Various Artists

Trojan Mod Reggae, Vol. 2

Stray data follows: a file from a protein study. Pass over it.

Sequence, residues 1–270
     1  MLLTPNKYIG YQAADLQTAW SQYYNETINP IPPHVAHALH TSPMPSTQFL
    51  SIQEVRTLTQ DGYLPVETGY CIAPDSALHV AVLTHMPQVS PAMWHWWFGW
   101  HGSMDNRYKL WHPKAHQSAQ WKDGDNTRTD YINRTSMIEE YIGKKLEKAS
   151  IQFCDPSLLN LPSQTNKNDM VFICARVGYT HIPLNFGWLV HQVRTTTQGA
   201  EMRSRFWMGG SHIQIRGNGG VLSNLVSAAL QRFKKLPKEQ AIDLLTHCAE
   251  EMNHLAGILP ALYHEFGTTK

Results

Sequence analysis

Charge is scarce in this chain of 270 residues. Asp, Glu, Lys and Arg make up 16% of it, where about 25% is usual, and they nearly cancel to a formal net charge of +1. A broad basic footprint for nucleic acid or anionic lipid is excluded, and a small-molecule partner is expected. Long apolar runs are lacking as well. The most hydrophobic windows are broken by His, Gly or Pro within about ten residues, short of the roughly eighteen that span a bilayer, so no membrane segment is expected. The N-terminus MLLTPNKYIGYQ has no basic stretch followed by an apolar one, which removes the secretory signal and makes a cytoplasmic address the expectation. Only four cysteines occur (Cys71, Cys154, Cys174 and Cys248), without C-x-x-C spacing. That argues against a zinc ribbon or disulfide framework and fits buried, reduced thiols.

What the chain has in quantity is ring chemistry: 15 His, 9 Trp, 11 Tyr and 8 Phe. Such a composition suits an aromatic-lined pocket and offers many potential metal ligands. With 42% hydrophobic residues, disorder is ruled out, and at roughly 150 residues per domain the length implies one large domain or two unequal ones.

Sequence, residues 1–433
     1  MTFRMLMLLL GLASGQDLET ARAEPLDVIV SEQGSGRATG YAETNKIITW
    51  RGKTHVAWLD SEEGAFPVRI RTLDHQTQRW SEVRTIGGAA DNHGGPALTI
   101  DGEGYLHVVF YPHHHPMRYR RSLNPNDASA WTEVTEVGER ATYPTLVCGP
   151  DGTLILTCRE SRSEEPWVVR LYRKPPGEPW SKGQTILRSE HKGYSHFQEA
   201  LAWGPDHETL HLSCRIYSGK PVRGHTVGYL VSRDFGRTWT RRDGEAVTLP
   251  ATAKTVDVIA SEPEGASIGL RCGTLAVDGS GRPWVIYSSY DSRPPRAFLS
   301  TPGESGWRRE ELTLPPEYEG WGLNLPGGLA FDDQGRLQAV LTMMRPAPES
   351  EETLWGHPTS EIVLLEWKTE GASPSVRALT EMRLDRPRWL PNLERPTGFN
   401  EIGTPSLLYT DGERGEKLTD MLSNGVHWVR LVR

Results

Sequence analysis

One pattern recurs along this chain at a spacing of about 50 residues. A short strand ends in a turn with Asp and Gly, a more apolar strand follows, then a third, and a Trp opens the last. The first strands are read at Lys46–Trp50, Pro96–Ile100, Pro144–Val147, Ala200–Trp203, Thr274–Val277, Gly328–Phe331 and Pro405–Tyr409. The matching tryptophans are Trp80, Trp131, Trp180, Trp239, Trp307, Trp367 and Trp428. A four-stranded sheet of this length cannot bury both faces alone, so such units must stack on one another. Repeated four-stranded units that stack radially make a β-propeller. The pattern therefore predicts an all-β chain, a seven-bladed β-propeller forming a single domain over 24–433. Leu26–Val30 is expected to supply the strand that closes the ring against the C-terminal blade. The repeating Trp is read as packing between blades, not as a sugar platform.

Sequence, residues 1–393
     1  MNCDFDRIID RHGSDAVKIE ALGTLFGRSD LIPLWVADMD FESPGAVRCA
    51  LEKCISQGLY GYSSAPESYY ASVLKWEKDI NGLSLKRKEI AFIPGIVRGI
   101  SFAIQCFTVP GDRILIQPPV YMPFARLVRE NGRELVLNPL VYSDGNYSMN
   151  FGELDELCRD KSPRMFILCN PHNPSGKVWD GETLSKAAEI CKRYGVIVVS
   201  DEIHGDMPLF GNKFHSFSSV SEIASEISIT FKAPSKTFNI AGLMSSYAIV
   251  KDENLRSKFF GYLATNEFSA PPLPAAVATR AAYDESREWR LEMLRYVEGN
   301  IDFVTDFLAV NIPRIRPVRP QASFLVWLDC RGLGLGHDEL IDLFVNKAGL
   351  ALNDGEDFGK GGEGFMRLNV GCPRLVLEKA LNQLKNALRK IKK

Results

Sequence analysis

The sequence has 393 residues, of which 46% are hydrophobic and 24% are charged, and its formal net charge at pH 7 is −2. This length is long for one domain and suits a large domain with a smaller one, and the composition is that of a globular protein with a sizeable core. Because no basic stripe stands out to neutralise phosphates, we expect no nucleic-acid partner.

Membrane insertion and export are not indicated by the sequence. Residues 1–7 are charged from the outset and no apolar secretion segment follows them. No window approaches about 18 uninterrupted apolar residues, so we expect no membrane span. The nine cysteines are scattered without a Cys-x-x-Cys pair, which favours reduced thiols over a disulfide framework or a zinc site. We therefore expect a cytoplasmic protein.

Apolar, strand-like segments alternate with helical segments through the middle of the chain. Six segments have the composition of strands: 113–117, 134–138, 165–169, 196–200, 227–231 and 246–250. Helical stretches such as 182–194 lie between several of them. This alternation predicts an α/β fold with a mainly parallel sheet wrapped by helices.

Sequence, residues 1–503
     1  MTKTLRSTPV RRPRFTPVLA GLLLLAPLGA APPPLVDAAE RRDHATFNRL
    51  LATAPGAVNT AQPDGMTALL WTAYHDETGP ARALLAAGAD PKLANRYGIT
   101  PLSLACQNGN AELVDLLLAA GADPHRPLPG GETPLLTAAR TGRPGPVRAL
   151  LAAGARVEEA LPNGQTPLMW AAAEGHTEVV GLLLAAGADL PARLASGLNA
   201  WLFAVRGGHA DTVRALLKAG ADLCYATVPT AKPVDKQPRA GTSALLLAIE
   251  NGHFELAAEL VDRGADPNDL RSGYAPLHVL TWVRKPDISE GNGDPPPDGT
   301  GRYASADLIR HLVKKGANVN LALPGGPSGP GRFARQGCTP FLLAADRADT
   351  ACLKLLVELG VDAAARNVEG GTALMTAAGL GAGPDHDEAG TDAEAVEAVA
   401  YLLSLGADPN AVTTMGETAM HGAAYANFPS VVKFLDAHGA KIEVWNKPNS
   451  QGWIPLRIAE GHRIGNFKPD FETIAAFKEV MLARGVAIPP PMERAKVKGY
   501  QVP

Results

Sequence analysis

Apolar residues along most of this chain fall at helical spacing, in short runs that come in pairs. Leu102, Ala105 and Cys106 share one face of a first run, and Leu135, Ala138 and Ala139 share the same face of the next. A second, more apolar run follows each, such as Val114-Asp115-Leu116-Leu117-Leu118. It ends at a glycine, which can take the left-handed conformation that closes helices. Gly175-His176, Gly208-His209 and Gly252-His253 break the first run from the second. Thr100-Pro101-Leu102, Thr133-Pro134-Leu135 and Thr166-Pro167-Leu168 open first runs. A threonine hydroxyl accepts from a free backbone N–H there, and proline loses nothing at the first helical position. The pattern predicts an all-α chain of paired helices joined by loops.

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Britain's mods loved their Motown and American R&B in the early '60s, and for a little bit of an exotic change of pace, they also embraced the Jamaican ska and rocksteady sides that were being released in the U.K. for the local West Indies communities, and since so much of this Jamaican music was in turn based on American R&B, it all formed a crazy, delightful little circle on the mod dancefloors. It also gives Trojan a historical reason to go even deeper into their licensing vaults for this three-disc set of relatively obscure ska and early rocksteady sides. The first disc is probably the strongest, with Byron Lee's skewed cover of Booker T. & the MG's' "Green Onions," the Techniques' "Little Did You Know," the Dingle Brothers' horn-happy "This Is Thunder," Desmond Dekker's classic "Honor Your Mother and Father," the Muskyteers' (actually the Silvertones posing as another group) "Kidd-O," and Babba Brooks' instrumental "Baby Elephant Walk" all well worth a listen. Highlights on the second disc include Roy Bennett's eerie and rather discordant "I Dangerous," Ansel Collins' equally bizarre "Cock Robin," and the reverbed-to-the-moon "Double Wheel" by the Upsetters, produced, of course, by Lee "Scratch" Perry. The third disc offers Derrick Harriott's "Mama Didn't Lie," which is as about as pop as things get here, Roland Alphonso's interesting interpretation of Jimmy Smith's "The Cat," and the Ethiopians' wry "Hong Kong Flu." Casual listeners may find three discs of this stuff to be a bit much, but fans of early Jamaican pop music will already know what to expect and will be delighted at some of these rarities. Is it mod? Not really, but it sure is Jamaican, with truckloads of horns and cheap organs on quirky tracks that could only have come from Kingston -- or the moon.

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